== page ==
At Harvard University Graduate School of Design (GSD), Interboro Partners, an interdisciplinary and relatively young firm of three GSD alums Tobias Armborst, Daniel D’Oca, and Georgeen Theodore, said “architecture is for everyone.” As a way of introduction, Jerold Kayden, a former professor of theirs, affectionately characterized their practice with five key attributes: incredibly creative, versatile (employing many methods), academic (taking a critical approach), entrepreneurial, and famous.
Architecture clearly has a broad definition at the firm. With backgrounds in architecture, urban planning, and urban design, the firm’s three founders capitalize on whatever skills they have in order to achieve a common goal. Kayden jokingly suggests that the only missing professional title among the three is landscape architect. One of their most recent projects, Living with the Bay, one of the winners of HUD’s Rebuild by Design competition, would suggest otherwise though (see brief video above). Collaborating with a host of partners, including landscape architects at H+N+S, this complex project blurs the disciplinary boundaries between urban planning, architecture, engineering, and landscape architecture.
An interdisciplinary approach is one of the hallmarks of the firm. In fact, Armborst calls refers to this approach as their “means,” the way in which they, as designers, do their job of influencing outcomes in the built environment.
One of the first projects Interboro mentions is Improve your lot! in Detroit, an example of a research project based on the idea of doing “good detective work.” It takes curiosity and persistence to “suspend judgement for as long as possible in order to acquire a kind of located knowledge,” as D’Oca described it. Creating this “located knowledge” involved documenting the various needs and uses of private property in this shrinking city. It meant learning from the citizen’s “unplanned” transformations.
When the team discovered thousands of homeowners were expanding their property by acquiring adjacent lots, redrawing the city’s blocks, they termed the phenomenon “blotting”–that is, making a “blot” (a block of lots).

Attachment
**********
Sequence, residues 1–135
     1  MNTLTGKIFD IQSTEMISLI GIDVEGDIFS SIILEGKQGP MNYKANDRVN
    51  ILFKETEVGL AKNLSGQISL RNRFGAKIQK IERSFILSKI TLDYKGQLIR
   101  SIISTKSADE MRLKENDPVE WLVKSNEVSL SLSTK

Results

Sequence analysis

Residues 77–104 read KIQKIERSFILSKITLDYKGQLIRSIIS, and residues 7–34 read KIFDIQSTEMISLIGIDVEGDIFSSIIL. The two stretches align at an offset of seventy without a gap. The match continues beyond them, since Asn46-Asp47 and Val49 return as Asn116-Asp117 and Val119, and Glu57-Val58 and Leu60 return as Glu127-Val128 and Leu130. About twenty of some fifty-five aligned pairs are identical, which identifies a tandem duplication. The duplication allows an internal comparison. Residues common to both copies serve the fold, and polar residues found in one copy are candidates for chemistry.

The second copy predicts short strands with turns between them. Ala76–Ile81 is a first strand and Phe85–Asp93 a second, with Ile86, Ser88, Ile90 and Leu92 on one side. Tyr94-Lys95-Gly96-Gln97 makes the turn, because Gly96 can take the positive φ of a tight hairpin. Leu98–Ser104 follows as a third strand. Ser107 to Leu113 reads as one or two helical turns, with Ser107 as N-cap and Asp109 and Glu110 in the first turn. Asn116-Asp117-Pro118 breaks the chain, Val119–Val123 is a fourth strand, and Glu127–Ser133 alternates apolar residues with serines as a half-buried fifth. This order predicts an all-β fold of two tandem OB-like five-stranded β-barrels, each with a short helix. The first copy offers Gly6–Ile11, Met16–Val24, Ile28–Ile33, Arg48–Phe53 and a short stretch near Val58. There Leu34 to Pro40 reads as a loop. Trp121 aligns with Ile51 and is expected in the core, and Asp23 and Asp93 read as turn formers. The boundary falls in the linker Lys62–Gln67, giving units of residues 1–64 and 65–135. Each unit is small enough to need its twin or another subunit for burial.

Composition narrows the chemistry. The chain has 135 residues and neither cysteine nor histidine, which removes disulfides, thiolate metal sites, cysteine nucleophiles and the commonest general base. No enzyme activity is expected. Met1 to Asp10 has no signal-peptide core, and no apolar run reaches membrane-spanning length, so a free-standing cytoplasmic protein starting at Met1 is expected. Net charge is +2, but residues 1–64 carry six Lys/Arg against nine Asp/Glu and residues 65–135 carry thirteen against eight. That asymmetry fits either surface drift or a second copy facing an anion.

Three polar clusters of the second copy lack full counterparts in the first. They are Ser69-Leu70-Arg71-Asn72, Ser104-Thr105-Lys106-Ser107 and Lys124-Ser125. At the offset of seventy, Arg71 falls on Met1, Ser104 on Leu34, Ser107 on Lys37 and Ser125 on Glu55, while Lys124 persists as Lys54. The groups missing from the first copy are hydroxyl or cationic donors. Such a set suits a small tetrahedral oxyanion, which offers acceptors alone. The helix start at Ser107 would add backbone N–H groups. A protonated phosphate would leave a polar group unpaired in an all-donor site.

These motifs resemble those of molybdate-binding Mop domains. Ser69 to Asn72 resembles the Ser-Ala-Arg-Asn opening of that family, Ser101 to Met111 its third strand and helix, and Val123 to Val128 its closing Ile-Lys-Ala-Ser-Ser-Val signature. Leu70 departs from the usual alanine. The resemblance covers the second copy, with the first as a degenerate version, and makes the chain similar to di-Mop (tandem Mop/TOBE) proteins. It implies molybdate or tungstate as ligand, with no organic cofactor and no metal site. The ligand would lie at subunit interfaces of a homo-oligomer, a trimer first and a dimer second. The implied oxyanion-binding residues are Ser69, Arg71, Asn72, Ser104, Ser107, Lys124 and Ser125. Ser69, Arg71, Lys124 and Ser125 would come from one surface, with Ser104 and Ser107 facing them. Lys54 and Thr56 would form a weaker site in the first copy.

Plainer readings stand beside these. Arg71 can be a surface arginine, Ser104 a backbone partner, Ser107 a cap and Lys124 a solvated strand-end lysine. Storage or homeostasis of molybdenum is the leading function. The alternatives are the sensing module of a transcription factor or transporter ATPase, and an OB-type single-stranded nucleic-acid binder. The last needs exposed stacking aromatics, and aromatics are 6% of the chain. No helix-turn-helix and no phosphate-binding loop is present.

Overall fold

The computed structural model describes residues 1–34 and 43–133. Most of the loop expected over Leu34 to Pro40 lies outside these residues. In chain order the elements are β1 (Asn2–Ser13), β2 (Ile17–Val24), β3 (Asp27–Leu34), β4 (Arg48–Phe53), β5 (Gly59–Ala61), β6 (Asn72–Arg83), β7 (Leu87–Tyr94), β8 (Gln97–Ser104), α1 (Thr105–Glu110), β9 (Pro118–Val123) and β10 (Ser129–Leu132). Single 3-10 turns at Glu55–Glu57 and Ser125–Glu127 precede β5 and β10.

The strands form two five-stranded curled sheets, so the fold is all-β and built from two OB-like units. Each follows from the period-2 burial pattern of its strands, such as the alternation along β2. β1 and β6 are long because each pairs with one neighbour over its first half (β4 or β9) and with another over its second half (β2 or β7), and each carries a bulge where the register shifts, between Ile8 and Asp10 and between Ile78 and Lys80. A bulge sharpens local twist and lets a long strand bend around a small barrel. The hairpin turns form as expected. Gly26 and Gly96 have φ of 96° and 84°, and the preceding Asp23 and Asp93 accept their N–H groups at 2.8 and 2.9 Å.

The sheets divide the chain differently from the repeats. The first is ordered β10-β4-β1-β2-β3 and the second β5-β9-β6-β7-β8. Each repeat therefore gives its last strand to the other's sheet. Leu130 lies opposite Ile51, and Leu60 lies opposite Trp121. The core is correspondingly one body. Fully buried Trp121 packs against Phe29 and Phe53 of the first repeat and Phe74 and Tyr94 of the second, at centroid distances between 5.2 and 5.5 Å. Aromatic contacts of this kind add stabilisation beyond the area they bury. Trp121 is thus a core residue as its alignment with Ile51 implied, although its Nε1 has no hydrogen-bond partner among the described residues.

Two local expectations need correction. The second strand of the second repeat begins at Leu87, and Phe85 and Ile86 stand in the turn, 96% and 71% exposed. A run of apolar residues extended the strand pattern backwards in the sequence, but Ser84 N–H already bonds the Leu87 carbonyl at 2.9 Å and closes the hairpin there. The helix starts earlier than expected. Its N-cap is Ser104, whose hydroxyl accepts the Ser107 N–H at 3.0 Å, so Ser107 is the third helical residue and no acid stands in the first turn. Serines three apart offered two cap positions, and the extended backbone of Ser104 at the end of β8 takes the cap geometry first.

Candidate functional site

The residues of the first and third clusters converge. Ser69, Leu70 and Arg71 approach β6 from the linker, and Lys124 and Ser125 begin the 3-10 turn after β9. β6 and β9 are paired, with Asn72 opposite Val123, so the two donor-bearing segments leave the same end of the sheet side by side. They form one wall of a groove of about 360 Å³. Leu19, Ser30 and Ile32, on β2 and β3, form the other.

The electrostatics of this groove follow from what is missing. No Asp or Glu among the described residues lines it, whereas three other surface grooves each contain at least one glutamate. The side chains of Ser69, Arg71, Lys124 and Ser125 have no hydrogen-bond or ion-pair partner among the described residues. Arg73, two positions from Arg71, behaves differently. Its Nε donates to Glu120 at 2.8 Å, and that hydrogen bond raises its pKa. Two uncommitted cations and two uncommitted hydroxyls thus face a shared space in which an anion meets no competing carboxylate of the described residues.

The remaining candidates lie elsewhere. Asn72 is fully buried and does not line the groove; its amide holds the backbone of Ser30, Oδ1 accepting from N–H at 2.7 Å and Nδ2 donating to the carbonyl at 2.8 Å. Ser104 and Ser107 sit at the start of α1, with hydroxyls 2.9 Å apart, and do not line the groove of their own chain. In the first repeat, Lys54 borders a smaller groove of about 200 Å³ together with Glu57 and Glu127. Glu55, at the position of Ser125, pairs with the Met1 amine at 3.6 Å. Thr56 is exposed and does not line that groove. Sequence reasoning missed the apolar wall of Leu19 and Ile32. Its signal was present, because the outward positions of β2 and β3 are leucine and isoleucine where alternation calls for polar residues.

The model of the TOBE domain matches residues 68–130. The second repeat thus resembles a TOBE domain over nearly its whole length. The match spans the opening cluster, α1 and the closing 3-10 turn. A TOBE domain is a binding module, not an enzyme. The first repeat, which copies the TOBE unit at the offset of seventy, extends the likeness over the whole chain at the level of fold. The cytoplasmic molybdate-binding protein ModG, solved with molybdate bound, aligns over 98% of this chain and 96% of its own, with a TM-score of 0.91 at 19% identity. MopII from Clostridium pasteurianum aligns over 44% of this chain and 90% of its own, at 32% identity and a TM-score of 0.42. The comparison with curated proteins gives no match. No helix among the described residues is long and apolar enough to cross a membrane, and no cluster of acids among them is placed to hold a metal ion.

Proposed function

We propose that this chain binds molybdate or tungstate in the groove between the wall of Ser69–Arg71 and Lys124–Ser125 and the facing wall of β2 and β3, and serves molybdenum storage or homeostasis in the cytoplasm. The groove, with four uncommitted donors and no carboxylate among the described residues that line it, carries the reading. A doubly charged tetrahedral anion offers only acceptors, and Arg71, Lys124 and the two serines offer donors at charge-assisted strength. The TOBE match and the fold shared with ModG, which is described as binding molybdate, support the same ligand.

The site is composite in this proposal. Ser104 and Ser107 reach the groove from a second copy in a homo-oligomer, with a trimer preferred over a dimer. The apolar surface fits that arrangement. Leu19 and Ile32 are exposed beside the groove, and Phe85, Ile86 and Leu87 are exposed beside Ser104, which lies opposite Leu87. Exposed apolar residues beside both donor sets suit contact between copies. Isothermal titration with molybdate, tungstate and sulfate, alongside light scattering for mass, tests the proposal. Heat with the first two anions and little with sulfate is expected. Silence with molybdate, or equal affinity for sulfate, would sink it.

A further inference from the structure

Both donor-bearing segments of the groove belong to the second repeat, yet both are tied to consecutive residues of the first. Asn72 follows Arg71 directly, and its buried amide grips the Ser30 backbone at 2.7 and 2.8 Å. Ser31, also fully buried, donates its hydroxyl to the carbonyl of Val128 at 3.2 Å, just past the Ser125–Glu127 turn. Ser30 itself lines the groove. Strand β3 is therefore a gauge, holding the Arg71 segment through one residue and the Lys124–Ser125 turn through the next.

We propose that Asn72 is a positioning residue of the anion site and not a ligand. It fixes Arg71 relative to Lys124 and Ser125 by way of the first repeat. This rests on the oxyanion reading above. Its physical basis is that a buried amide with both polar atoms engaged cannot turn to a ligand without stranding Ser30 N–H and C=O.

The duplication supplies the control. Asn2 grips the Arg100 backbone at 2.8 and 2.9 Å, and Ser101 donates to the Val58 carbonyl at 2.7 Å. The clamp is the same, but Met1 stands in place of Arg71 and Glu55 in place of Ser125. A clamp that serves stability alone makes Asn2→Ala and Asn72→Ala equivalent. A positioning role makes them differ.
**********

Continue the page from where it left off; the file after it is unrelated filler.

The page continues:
Armborst recognizes that their “work as urban planners is then something like that of a ghost writer,” using their training to really tell this story of blotting. “Unplanned transformations are funny,” says Armborst, but they are also inspirational and useful in hinting at the city’s needs.
D’Oca explained Holding Pattern, a temporary public space at MoMA PS1 in Queens, New York. He describes how the design within the museum’s courtyard began in an untraditional way. They began, in fact, with the end. They thought about the possible afterlife of the materials they were using for their design at the beginning.
Instead of asking the museum about its needs, they turned to the museum’s neighboring community. D’Oca points out that their “client” thus shifted from MoMA to 50 clients within Long Island City, which included schools, non-profits, and other organizations in need. They charted their needs and wants and came up with a plan to treat the courtyards as a sort of stockyard for these future neighborhood improvements. Each item in the exhibit was tagged with a card explaining where the item would end up. They created a public space design wholly shaped by the neighborhood beyond MoMA’s walls.
Here’s how Armborst describes it: their design approach was a bit like Iron Chef, where one chef gets a whole bunch of ingredients and must do something creative with them. On a more serious note, Theodore calls this one of their “small, catalytic projects” that positively impacted Long Island City.
Unplanned transformations. Small budgets, limited time. These begin to characterize Interboro’s creative toolbox. Architectural tools, however, are for Interboro something to be used with caution. The firm is well aware of the power of these tools to shape the built environment.
In fact, their forthcoming book The Arsenal of Inclusion and Exclusion aims to reveal, in an encyclopedic manner, the many ways in which the built environment is built with “weapons.” These weapons of exclusion, like a uncomfortable public bench or even a private golf course, shape our communities.
The encyclopedia is one of Interboro’s many strategies for making architecture for everyone. D’Oca says it best: “We think only architecture that pays close attention to what is happening out there engages in any meaningful way.” The simplicity of their thinking is profound: Interboro Partners seeks to understand what forces are acting on them in order to improve their ability to act as architects and planners.
This guest post is by Lara Mehling, Student ASLA, Master’s of Landscape Architecture candidate, Harvard University Graduate School of Design